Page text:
Thursday, August 6, 2009

Are banks really in trouble?



Something doesn't add up in the news. On the one hand, banks called for a lot of help to keep the financial system running, to the tune of trillions of dollars. On the other hand, they declare billions of dollars in profits, give themselves billions dollars in bonuses, and do little to help the economy. The banks can borrow billions, perhaps trillions, at near 0% interest rate from the Federal Reserve, while holding on to unmodified mortgages at rates greater than 5%. That's a pretty hefty profit margin. Why is this allowed to go on? It's been over ten months, over 300 days. Where is the result of the biggest corporate bail out in capitalism's history?


Banks boosted borrowing from the Federal Reserve's emergency lending facility over the past week, but cut back on other programs designed to ease the financial crisis. The overall picture suggests some credit problems are easing.

The Fed, in a report Thursday, said commercial banks averaged $35.1 billion in daily borrowing over the week that ended Wednesday. That was up from $33.8 billion in the week ended July 29. (Read "Why the Banks Aren't Modifying Home Loans")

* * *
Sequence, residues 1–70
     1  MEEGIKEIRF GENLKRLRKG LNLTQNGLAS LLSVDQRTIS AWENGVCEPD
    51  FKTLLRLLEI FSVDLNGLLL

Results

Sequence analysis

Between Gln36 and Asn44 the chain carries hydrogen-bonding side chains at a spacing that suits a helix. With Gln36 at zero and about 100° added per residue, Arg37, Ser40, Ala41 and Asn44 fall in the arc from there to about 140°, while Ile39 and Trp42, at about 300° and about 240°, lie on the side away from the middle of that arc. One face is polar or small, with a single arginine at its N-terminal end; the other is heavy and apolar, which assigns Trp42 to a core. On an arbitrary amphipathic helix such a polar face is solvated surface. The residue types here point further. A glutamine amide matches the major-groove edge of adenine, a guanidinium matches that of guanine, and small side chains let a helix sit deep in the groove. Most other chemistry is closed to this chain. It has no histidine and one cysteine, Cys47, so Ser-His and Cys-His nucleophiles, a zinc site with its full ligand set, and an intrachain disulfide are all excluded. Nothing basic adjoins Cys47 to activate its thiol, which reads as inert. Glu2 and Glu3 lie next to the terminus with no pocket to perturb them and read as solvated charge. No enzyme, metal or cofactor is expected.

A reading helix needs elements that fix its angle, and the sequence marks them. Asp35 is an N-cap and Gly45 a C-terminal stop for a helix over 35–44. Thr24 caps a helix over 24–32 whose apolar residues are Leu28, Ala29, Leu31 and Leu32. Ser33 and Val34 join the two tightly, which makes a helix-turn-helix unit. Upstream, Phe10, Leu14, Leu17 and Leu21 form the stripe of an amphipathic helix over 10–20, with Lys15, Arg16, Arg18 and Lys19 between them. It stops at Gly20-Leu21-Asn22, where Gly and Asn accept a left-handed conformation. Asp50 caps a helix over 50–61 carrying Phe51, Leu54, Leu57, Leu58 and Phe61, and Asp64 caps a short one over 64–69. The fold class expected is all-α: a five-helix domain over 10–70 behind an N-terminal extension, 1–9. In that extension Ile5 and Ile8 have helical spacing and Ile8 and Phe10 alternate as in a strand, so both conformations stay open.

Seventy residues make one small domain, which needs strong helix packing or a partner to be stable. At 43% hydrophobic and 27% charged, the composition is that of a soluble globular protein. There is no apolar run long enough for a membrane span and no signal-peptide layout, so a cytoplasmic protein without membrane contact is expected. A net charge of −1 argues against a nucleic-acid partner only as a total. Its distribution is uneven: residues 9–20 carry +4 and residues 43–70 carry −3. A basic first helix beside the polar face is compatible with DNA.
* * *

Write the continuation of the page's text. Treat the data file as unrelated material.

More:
The identities of the financial institutions are not released. They pay just 0.50 percent in interest for the emergency loans.

The weekly lending report also showed the Fed's net holdings of "commercial paper" averaged $64.7 billion, a decrease of $29.7 billion from the previous week. That's an encouraging sign that investors' appetite for such help from the Fed has lessened.

Commercial paper is the crucial short-term debt that companies use to pay everyday expenses, which the Fed began buying under the first-of-its-kind program on Oct. 27, a time of intensified credit problems. The central bank has said about $1.3 trillion worth of commercial paper would qualify.

The report also showed the Fed trimmed its purchases of mortgage-backed securities guaranteed by Fannie Mae, Freddie Mac and Ginnie Mae. They averaged $542.8 billion over the past week, down $1.6 billion from the previous week. The goal of the program, which started on Jan. 5, is to drive down mortgage rates and help the housing market.

Mortgage rates dipped this week. Rates on 30-year home loans averaged 5.22 percent this week, down from 5.25 percent last week, Freddie Mac reported Thursday.

Squeezed banks borrow from the Fed when they have trouble getting the money elsewhere. At the height of the financial crisis last fall, investors cut banks off and shifted money into safer Treasury securities. Financial institutions hoarded much of their cash, rather than lending it to each other or customers. That lockup in lending has contributed to the longest recession since World War II.

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